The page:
BIG wins design competition for Energy Mansion in China

Sep 8, 2009
  • Article by Online Editor

Danish architecture firm BIG, in collaboration with ARUP and Transsolar, has been awarded first prize in an international competition to design the Shenzhen International Energy Mansion, the headquarters of the Shenzhen Energy Company.

The competition, which aimed to find a sustainable and efficient solution for the headquarters, was judged by Shenzhen Municipal Planning Bureau experts, and chaired by Alejandro Zaera-Polo, from Foreign Office Architects, and client representatives.

Located in the centre of Shenzhen, the 96,000 sqm project is designed to withstand the humid climate of the city. With a height of 200 metres, BIG’s concept for the building combines a practical and efficient floor plan with a sustainable façade to reduce the energy consumption of the building. Conceived as a ‘folded skin’, the façade would shade the office from direct sunlight and have embedded solar panels to provide the building with a source of renewable energy.

The firm wanted to find a way to make the skyscraper more energy efficient. Bjarke Ingels, founding partner of BIG, explained: “We propose to make the Shenzhen Energy Mansion the first specimen of a new species of office buildings that exploits the buildings interface with the external elements – sun, daylight, humidity, wind – as a source to create maximum comfort and quality inside. The Shenzhen Energy Mansion will appear as a subtle mutation of the classic skyscraper – a natural evolution rather than a desperate revolution.”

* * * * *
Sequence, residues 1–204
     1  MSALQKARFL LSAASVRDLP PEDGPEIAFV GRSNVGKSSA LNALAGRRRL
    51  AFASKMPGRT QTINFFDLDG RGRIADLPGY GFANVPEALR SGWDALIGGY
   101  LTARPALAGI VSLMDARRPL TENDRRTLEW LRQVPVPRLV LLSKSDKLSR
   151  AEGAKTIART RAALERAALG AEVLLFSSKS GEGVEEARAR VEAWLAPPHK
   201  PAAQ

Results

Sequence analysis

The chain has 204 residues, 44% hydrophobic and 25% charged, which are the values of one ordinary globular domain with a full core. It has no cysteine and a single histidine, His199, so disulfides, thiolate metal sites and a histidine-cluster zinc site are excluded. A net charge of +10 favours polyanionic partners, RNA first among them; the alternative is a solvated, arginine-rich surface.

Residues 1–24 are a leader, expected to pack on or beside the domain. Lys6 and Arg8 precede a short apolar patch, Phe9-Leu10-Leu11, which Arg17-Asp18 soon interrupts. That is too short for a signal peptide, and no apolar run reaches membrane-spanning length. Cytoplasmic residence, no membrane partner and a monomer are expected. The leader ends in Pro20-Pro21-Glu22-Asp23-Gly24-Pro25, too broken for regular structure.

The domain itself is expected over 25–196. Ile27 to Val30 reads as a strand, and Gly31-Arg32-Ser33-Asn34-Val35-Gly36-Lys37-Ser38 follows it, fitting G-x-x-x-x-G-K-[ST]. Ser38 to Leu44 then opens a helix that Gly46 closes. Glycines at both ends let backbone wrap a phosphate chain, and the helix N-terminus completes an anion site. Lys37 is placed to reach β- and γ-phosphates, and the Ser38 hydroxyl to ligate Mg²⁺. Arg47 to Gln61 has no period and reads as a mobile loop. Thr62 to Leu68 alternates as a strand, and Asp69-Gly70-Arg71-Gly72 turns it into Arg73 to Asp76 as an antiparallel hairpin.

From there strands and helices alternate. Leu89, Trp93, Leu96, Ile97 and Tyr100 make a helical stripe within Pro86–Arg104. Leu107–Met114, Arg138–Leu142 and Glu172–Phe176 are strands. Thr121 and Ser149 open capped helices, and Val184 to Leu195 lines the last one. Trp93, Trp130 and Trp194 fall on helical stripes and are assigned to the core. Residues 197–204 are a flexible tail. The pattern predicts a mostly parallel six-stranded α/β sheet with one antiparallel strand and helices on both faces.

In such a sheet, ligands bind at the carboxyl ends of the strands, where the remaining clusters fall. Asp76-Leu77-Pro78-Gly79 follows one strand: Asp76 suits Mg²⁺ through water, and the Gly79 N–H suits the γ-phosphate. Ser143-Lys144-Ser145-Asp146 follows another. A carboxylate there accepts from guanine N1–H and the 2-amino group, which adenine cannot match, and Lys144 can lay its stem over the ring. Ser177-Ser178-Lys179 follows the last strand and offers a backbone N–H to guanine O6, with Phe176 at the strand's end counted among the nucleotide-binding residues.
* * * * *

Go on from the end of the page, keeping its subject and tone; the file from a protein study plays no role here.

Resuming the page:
By creating a ’folded’ façade, the building would have open and closed parts. The closed parts would block direct sunlight and trap solar energy to power the air conditioning system inside the building. The folded areas would allow for good views through clear glass, providing plenty of natural light into the interior, while still reflecting solar rays from the flat angle of the windows.

BIG have estimated that the use of solar-powered air conditioning and reduced heat from direct sunlight could reduce the energy consumption of the building by more than 60%. Project Leader Andreas Klok Pedersen stated, “The towers are based on an efficient and well-proven floor plan enclosed in a skin specifically modified and optimized for the local climate. By focusing on the envelope, the façade, we are able to enhance the sustainable performance of the building drastically.”

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